In landing an FDA approval for its highly anticipated respiratory syncytial virus (RSV) vaccine, GSK has both beat out its market rivals and initiated its next major launch.
Wednesday, the FDA blessed GSK’s RSV shot Arexvy for use in adults over 60. It becomes the world’s first RSV immunization for adults, beating out a closely watched program from Pfizer and another late-stage candidate from Moderna.
The FDA approved the shot based on phase 3 trial data showing it was 82.6% effective at preventing RSV-related lower respiratory tract disease in adults 60 and older. Protection against severe disease in the trial came in at 94.1%.
That phase 3 trial is ongoing to examine efficacy over three RSV seasons. So far, the shot has turned in “tremendous data,” GSK’s Leonard Friedland, M.D., vice president and director of scientific affairs and public health for vaccines, said in an interview.
With the approval, GSK is stepping into “the golden age” of vaccine development with “tremendous opportunities,” Friedland said. Now, it’ll be up to the company to turn its scientific know-how into actual vaccinations.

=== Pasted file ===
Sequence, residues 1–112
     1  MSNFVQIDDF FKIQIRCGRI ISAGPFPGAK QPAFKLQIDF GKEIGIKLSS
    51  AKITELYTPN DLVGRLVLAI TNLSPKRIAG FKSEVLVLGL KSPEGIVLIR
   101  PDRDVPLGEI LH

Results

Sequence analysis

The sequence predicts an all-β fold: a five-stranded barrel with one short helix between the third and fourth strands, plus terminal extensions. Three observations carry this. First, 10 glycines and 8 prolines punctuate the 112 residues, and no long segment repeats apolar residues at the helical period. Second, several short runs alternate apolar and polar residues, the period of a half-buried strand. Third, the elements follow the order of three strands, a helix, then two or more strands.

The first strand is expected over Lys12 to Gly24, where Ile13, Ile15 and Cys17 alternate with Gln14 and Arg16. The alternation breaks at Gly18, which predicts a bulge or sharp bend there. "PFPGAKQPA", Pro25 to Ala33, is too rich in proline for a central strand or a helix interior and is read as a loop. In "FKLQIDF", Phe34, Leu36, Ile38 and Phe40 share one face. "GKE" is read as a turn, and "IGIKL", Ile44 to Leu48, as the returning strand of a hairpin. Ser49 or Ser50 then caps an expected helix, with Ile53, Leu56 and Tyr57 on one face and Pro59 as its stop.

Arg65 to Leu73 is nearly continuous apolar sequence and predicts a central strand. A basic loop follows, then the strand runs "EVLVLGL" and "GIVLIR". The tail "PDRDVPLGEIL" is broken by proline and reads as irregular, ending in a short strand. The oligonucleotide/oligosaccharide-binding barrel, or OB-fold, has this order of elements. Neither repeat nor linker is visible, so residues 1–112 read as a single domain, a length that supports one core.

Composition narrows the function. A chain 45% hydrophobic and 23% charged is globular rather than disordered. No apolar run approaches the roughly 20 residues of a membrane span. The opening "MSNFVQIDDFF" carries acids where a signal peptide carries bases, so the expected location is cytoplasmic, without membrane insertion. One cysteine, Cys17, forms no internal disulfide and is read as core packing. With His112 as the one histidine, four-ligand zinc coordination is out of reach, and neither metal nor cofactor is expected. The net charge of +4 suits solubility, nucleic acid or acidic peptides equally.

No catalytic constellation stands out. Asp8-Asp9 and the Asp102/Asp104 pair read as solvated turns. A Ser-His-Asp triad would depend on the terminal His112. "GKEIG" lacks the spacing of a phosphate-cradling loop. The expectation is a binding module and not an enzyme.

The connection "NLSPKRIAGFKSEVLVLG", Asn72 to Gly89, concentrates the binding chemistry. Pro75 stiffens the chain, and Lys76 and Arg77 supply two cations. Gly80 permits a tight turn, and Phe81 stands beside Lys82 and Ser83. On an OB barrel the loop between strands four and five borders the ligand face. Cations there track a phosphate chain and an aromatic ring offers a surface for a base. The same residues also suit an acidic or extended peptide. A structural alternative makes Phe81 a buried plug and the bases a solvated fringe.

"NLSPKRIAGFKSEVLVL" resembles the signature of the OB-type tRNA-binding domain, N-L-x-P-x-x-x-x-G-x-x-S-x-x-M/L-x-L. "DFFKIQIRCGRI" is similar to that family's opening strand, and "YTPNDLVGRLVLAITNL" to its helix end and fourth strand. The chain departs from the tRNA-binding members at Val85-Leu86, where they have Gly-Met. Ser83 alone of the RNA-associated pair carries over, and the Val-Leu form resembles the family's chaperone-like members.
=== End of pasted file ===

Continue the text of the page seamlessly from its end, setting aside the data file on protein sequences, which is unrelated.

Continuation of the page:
“And that’s going to be the work of the entire company and the scientific community to make that happen,” he said.
RSV is under-recognized and under-diagnosed, so GSK has already started its awareness efforts. Its campaign, called “Sideline RSV,” is led by former basketball star Earvin “Magic” Johnson. Friedland calls Johnson a well-regarded public health figure, particularly in getting out messages to communities of color.
GSK plans to launch its vaccine ahead of the upcoming RSV season. RSV seasons typically peak from December to February.
But the company could soon have competition as Pfizer’s rival candidate is up for an FDA decision this month. Moderna’s shot has also passed a phase 3 study, but the company has yet to submit its program to regulators.
GSK isn’t concerned about the competition. In fact, having another horse in the race would be “fantastic” as it would provide more options to patients, Friedland explained.
Meanwhile, GSK believes supply won’t be an issue as the company has prepared its production teams in anticipation of the approval.
“We’re absolutely confident that our supply will meet demand,” Friedland said.
As for pricing, the company is looking to price the shot somewhere between the cost of a high-dose flu shot (around $60) and its shingles vaccine Shingrix (around $185). GSK is also working with insurance companies to ensure the vaccine is available and reimbursable.
In addition, the Centers for Disease Control and Prevention’s Advisory Committee on Immunization Practices is expected to discuss RSV guidance next month.